The Loudon Viskase plant expansion is well under way, as is the Breathe Clean Air Action Team lawsuit pertaining to the expansion.
The local environmental group appealed the permit granted by the Tennessee Department of Environment and Conservation, charging the agency should be more stringently regulating emissions that cause foul odors.
BCAAT has objected to the construction permit on a number of points related to major increases in the release of the air toxins carbon disulfide and hydrogen sulfide, which are known to be strong causes of objectionable odors.
BCAAT contends that state law requires TDEC to consider noxious industrial odors when issuing construction permits and that the permit was improperly issued.
Hydrogen sulfide, which often is called the "rotten egg" odor, is an emission of the Viskase plant. While TDEC still maintains that "odor as odor" is subjective and difficult to regulate, there is a possibility that officials will be giving the hydrogen sulfide emission levels a second look soon.
The Environmental Protection Agency, according to the agency's website, has decided again to include hydrogen sulfide on the Toxic Release Inventory list of chemicals that must be reported.
In 1993, hydrogen sulfide had been included on the TRI list of chemicals reportable under federal environmental law. However, in 1994, the EPA issued an administrative stay of the reporting requirements for hydrogen sulfide in order to evaluate issues brought to the agency's attention.
Beginning with the 2012 reporting year, the stay is lifted and facilities are required to submit TRI reports for hydrogen sulfide.
Because the Federal Register now states that industries must report amounts of hydrogen sulfide released, BCAAT will continue to push forward in the appeal.
The Loudon County Air Quality Task Force will send a letter to Loudon County Commission and Lenoir City and Loudon city councils asking the cities and county to request that the state monitor and measure hydrogen sulfide in the air.
"We don't know how much of this stuff is going into the air," Mike Crosby, BCAAT president, said. "We do know that the permit allows hydrogen sulfide to increase 85 percent from current levels. ... We need to know how much hydrogen sulfide is there. We measured acrolein and everything else." Because of ongoing litigation in regard to the Viskase issue, TDEC representatives said they are not in a position to discuss the matter.
However, Meg Lockhart, TDEC air pollution control communications director, said emissions of many more pollutants are required to be reported to the TRI database than those that are actually considered hazardous. The recent action on hydrogen sulfide did not mean it is hazardous according to EPA standards.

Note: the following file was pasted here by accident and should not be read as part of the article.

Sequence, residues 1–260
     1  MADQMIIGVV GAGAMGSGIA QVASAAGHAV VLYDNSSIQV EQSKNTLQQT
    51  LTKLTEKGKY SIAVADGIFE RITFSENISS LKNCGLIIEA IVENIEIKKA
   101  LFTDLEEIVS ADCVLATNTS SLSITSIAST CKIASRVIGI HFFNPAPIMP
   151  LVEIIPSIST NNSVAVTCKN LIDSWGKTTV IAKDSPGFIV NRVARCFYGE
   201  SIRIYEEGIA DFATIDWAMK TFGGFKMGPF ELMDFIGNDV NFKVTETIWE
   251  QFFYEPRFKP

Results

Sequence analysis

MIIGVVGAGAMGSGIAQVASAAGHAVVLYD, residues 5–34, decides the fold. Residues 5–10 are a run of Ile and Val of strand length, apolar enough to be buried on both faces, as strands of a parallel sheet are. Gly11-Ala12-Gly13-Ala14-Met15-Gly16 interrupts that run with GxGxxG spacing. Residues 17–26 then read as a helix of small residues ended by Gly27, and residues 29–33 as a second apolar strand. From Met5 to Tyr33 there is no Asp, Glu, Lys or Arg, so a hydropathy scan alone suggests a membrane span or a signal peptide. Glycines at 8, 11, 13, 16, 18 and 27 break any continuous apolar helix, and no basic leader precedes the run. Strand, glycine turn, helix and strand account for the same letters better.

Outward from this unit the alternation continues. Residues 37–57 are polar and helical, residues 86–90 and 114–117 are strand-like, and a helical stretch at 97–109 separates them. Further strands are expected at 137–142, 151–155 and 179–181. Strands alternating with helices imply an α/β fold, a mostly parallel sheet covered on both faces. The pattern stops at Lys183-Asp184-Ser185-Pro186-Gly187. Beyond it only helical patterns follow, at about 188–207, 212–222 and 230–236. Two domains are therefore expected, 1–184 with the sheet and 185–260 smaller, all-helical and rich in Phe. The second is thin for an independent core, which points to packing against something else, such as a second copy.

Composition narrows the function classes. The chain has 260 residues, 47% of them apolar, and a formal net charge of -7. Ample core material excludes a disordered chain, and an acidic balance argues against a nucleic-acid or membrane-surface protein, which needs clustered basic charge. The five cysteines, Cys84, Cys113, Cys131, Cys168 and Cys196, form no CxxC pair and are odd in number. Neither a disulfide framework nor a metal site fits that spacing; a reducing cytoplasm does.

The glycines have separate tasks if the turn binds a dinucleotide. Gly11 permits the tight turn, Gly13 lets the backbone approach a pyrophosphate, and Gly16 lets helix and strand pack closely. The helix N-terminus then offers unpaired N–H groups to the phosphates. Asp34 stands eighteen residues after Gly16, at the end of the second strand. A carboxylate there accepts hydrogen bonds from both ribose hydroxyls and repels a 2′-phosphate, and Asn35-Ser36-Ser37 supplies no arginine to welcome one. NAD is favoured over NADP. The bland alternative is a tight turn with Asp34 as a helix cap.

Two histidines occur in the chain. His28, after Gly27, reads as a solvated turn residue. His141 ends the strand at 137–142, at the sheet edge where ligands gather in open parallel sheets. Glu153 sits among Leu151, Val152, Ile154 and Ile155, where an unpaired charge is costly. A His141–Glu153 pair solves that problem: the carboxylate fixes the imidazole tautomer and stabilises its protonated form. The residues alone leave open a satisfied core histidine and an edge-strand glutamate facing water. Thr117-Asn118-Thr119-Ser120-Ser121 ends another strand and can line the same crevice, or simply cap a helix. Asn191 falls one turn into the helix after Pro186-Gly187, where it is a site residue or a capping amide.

"It should also be noted that there is a difference between the pollutants for which companies are required to report emissions to the TRI database and those that are considered hazardous air pollutants for purposes of Title V and air toxics standards," Lockhart said in an email. "Emissions of many more pollutants are required to be reported to the TRI database than those that are actually considered hazardous air pollutants. The recent action on hydrogen sulfide had to do with the TRI database, not the fact that it was reclassified."
On its website, the EPA released the following statement on the subject: "EPA's technical evaluation concluded that hydrogen sulfide can reasonably be anticipated to cause chronic health effects in humans and can reasonably be anticipated to cause, because of its toxicity, significant adverse effects in aquatic organisms. In addition, EPA does not believe that an exposure assessment is appropriate for determining whether hydrogen sulfide meets the TRI listing criteria for chronic human health effects or environmental effects."
On April 16, Crosby and Ron Moore, BCAAT vice president, accompanied Gary Davis, BCAAT legal counsel, to Nashville. There they participated in depositions of Barry Stevens and Quincy Styke III, the top two TDEC air officials.
Styke, who is deputy director of Tennessee Department of Environment and Conservation, delivered the East Tennessee Environmental Conference Air Quality Update address in March. Concerning TDEC's position on odor regulation, Styke's presentation referenced Tennessee Air Pollution Control Regulations:
● From 1200-3-1-.01(2): "... It is intended that these regulations assist in maintaining an equitable balance between benefits of clean air and the economic cost of achieving clean air ..."
● From 1200-3-1-.01(4): "... When the problems involved are aesthetic in nature, an equitable economic balance must be achieved. When a health hazard is involved, there can be no compromise."
Styke's presentation also quoted an Aug. 31, 1983, Tennessee Attorney General's opinion that stated odor could be construed to be air pollution: "Odor may constitute 'air pollution,' within the meaning of T.C.A. § 68-25-102(3), if it meets the statutory requirement of being 'injurious to human, plant or animal life or to property' or if it 'unreasonably interfere(s) with the enjoyment of life and property'."
Styke's presentation included information that the state air pollution control board has taken up the discussion of odor regulation. TDEC-APC's understanding of the state air board's guidance in regulating odors is:
● The state air board is not inclined to consider "odor as odor" odor control regulations.
● The state air board would like to see odor complaints by the public investigated and addressed within the current regulatory framework of its rules.
● If TDEC-APC believes that the rules on the books do not enable it to properly address the complaints registered against a facility, it is to bring the matter to the state air board for review and instruction.